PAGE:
The due diligence materials tend to be on par with their larger competitor, Crowdstreet. This means that it's better than the vast majority of the industry. And at the same time, it can be hit or miss and a conservative investor with a thorough due diligence process can spend quite a bit of time gathering documentation and information that wasn't provided. Both of these sites lag the much superior
documentation on the #1 site in this area: 1031 Crowdfunding.
Adding to the potential difficulty for investors that do a lot of due-diligence, is that RealCrowd site's layout splits every tiny portion of the deal into a separate tab. I found myself doing many times more clicking than other sites, when attempting to pull the information I needed from different sections just to do basic analysis. And searching was impossible across tabs. Other sites will put all (or at least most of) their information on a single page, which is much easier to process. Hopefully RealCrowd will reconsider their layout in the future.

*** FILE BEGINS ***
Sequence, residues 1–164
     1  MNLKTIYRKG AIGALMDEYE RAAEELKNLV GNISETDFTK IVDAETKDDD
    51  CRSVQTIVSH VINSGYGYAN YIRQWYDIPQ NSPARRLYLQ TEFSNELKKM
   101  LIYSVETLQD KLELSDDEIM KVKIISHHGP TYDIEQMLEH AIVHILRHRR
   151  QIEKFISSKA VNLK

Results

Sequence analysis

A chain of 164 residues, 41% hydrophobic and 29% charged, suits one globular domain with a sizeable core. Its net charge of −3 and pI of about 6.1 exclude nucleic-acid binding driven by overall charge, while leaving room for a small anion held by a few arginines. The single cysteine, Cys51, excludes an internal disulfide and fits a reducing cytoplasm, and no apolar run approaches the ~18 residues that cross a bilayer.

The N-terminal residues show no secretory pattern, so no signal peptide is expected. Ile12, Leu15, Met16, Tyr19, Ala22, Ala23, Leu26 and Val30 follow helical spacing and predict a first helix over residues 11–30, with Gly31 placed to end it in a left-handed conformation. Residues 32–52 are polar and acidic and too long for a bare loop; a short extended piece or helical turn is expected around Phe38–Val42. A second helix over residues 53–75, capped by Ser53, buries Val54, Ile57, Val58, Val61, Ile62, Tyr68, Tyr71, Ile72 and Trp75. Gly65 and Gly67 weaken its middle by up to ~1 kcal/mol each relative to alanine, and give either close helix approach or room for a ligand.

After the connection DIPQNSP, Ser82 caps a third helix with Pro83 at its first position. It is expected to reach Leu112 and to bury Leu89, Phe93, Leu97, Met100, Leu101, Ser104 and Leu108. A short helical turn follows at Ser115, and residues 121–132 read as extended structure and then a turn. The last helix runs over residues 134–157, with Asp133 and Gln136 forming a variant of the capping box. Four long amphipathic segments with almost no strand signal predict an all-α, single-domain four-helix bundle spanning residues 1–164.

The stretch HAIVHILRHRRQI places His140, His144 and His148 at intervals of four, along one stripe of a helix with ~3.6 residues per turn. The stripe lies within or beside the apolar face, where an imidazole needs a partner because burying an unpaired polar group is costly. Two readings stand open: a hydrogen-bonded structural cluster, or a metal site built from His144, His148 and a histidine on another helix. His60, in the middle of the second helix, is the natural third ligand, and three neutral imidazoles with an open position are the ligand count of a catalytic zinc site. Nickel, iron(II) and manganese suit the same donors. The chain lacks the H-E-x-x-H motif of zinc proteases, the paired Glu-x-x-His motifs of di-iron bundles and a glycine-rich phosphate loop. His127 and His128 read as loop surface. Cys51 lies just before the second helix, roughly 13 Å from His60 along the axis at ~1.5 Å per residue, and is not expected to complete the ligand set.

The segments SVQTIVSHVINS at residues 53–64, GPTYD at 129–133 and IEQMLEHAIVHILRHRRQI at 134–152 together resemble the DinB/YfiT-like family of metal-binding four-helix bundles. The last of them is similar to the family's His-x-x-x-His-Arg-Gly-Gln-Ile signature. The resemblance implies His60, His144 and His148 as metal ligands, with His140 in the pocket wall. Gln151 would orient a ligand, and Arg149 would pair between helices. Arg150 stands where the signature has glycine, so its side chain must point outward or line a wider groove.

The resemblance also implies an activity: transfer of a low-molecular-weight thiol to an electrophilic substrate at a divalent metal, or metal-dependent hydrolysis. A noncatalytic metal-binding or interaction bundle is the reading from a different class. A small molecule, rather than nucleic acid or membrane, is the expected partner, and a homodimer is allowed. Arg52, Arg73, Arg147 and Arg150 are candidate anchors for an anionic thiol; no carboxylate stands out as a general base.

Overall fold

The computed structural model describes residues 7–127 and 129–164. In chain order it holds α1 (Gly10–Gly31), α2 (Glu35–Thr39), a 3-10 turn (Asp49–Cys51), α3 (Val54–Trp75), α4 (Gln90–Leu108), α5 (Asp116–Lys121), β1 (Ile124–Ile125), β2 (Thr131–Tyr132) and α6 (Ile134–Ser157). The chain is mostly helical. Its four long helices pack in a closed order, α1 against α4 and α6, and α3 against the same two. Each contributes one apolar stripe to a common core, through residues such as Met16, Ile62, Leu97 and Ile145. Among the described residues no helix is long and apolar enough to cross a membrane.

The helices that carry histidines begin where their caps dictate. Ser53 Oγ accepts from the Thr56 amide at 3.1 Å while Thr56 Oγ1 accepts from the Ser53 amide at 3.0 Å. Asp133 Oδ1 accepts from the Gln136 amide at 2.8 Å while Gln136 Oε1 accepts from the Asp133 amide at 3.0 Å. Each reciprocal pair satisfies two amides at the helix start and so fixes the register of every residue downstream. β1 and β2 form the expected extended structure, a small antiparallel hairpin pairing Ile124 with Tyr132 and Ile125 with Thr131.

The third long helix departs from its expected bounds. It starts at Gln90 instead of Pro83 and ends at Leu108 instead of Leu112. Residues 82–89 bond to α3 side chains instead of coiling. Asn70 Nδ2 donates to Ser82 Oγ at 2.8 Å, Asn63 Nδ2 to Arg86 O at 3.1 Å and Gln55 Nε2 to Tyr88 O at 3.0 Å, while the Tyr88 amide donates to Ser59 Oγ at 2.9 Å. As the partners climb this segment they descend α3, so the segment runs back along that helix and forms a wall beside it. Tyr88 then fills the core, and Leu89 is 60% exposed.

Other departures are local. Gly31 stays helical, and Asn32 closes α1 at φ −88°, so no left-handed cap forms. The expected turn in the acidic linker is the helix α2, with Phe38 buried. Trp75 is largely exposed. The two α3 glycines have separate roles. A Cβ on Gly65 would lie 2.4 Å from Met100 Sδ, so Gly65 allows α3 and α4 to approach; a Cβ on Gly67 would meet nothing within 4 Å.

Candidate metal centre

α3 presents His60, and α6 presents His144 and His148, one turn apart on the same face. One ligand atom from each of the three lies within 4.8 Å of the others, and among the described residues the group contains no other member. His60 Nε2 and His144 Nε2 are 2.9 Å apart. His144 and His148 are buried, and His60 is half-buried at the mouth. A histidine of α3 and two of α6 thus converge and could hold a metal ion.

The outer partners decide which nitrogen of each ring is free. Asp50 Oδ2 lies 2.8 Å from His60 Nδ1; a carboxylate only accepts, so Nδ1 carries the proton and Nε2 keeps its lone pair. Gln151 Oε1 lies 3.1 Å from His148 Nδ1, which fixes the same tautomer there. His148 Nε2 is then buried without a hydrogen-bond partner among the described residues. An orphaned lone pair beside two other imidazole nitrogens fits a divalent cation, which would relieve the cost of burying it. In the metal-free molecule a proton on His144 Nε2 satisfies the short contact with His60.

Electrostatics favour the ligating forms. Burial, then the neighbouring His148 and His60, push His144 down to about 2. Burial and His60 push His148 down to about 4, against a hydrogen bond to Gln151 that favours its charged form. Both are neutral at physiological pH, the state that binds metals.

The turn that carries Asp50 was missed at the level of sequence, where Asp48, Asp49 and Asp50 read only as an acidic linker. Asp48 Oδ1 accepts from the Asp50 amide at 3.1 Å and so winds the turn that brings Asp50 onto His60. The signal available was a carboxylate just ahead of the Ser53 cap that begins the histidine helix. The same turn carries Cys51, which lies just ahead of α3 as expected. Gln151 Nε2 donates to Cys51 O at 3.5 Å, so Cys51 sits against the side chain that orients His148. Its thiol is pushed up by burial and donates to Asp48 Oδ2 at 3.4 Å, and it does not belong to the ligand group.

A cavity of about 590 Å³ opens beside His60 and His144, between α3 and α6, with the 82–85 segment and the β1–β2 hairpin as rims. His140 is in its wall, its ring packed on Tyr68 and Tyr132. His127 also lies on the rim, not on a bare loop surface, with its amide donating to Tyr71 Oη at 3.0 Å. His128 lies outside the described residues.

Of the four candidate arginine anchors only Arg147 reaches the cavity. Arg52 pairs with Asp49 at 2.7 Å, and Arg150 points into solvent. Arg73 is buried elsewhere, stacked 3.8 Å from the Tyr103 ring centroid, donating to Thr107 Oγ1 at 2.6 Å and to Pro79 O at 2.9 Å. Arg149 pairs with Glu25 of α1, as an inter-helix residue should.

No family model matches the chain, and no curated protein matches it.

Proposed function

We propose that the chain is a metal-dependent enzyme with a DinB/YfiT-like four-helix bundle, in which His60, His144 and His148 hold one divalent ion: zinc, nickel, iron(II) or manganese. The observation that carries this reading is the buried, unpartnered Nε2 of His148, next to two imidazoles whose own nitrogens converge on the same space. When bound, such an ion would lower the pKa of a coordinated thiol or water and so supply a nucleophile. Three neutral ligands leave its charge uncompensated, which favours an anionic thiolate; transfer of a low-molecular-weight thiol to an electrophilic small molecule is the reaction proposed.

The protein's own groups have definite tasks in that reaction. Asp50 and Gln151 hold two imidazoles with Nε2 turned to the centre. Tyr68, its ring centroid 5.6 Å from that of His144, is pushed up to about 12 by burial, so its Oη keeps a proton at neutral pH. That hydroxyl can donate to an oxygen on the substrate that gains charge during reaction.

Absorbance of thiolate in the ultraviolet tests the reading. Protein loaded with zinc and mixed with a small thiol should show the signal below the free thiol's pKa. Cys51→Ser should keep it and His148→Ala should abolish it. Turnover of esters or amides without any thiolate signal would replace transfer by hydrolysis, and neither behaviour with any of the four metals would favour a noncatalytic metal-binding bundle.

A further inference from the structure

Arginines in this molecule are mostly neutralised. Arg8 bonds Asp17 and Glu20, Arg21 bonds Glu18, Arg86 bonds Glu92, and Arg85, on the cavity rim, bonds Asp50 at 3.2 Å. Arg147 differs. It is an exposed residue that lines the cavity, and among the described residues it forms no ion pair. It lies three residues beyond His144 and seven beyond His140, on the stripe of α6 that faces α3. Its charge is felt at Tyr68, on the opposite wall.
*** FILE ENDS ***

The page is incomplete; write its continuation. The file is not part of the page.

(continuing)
The site has a unique podcast that often presents very interesting and useful information for real estate investors. Obviously, any "interview" of a sponsor by the platform that gets paid by them suffers from an inherit bias. So the questions tend to be softball rather than the penetrating and insightful questions that many conservative investors might prefer to hear asked. And anything a guest says that might paint the industry, the site or a sponsor negatively is usually quickly "reframed". But despite its conflicts of interest, I believe it still contains information that many will find useful.
They also have a series of emails which claims to educate an investor on the basics of real estate investing, called "Real Crowd University". Much of it is a verbatim copy of what podcast guests said and are presented in whatever random order they originally happened to say it in. In my opinion, it would've been much more effective (and useful) had it been completely re-organized to be easier to understand and concise (like the competing, and in my opinion, much superior, Crowdstreet guide).